If you spent time at the beach this summer, you probably encountered seagulls screeching overhead and eating trash. You probably also encountered their poop. Seagull droppings can carry disease-causing microbes like Escherichia coli and Enterococcus, which can contaminate beaches and water.
Now scientists have found a way to fight back: Release the hounds. In a new study, researchers show that unleashing dogs keeps the seagulls away — and the water at the beach free of microbes.
Beach managers have been fighting seagulls for decades. The more birds, the more microbes, and the more likely the beach will meet the guidelines for closing, as advised by the Environmental Protection Agency (EPA). In a recent study, researchers from the U.S. Department of Agriculture tried reducing gull populations on Chicago beaches by “oiling” their nests — spraying oil on the eggs to prevent the birds from hatching.
That tactic had some short-term success, but its long-term benefits are unclear. Chicago beach managers have also used dogs to chase away gulls, which anecdotal evidence suggests has helped reduce the microbe counts and thus the number of beach closures.
To more definitively connect the gulls’ dog-inspired dispersal to microbe concentrations, a team of researchers led by Reagan Reed Converse, an environmental microbiologist at EPA in Chapel Hill, North Carolina, examined water quality at North Beach in Racine, Wis. During the summer, managers regularly “groom” the beach, located on the shores of western Lake Michigan about 100 kilometers north of Chicago, by turning over the sand, which buries any microbes left from bird poop. North Beach’s managers have also worked to remove other sources of pollution, such as sewage runoff, leaving the gulls as the primary source of contaminants in the water.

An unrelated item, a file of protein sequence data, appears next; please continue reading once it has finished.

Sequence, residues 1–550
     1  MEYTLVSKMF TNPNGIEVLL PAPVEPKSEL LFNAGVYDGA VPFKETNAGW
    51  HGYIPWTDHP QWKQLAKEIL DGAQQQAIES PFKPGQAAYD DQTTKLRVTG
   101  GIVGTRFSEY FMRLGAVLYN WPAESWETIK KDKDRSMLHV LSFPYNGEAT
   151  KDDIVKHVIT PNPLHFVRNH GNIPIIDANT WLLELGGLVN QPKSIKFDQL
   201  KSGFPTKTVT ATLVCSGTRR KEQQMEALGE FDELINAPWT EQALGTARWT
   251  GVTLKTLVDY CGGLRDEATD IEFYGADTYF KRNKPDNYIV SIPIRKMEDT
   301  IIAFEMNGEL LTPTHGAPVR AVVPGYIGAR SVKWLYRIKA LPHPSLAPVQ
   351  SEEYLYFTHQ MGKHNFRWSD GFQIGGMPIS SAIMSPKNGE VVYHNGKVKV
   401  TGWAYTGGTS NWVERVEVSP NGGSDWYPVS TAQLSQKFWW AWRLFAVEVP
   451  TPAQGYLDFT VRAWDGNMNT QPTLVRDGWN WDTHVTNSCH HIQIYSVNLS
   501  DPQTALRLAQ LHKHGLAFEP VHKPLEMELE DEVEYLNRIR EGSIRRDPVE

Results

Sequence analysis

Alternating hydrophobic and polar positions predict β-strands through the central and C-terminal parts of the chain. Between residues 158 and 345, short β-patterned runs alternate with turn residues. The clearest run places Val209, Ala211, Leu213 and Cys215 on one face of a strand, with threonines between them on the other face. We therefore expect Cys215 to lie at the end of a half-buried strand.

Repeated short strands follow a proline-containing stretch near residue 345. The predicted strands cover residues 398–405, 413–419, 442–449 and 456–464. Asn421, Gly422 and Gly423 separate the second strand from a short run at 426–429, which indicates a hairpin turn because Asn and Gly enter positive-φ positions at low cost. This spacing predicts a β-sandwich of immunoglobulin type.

The team collected beach water samples for the first 11 days of August 2011 to get a baseline bacterial count. Then, they sent in the dogs. One such hired dog posse, made up of one or two trained border collies and their human handler, chased ring-billed and herring gulls away from the sand from sunrise to sunset. (The handlers make sure that dogs leave endangered species, such as piping plovers, alone. They also collect the dogs’ poop.) After a week of similar beach clearing, the researchers began sampling again — while the dogs kept patrolling –until August 27, for a total of nine relatively gull-free days.
The dogs had a significant impact. When the team analyzed its samples in the lab, measuring the concentrations of E. coli, Enterococcus, and other contaminants, it detected the presence of potentially pathogenic bacteria like Salmonella and Campylobacter (a species that includes C. jejuni, a common cause of gastroenteritis) for 7 of the 11 pre-dog sampling days. But during the 9 gull-free days, the team couldn’t detect the bacterial pathogens at all, and the levels of E. coli and Enterococcus species dropped dramatically and rapidly: A reduction of half the gull population decreased E. coli and Enterococcus species by 29 percent and 38 percent, respectively, the researchers report this month in Environmental Science & Technology.
Although technically called “gull harassment,” Converse says the dogs provide a humane and effective deterrent method, albeit one that can be costly, if the dogs were brought in daily throughout the summer (oiling nests, in contrast, is a one-time expense). Airports and other sites can set up nets or set off shotguns, but those methods wouldn’t be a good idea at a public beach. And while oiling gull eggs brings long-term results, they are not as immediate as simply chasing away the gulls. The “critical next step,” she adds, is to show that those pathogens are actually infective strains that could get humans sick.
Connecting gull poop to actual human illness is difficult, however, cautions Richard Whitman, a research ecologist and station chief of the U.S. Geological Survey’s Lake Michigan Ecological Research Station in Porter, Indiana. Other birds — including Canadian geese — and mammals could be sources of poop-borne bacteria, Whitman says, as could algae that incubate E. coli and other critters in the right conditions. Even so, he says the new study shows just how effective controlling seagulls can be on improving water quality.
This is adapted from ScienceNOW, the online daily news service of the journal Science.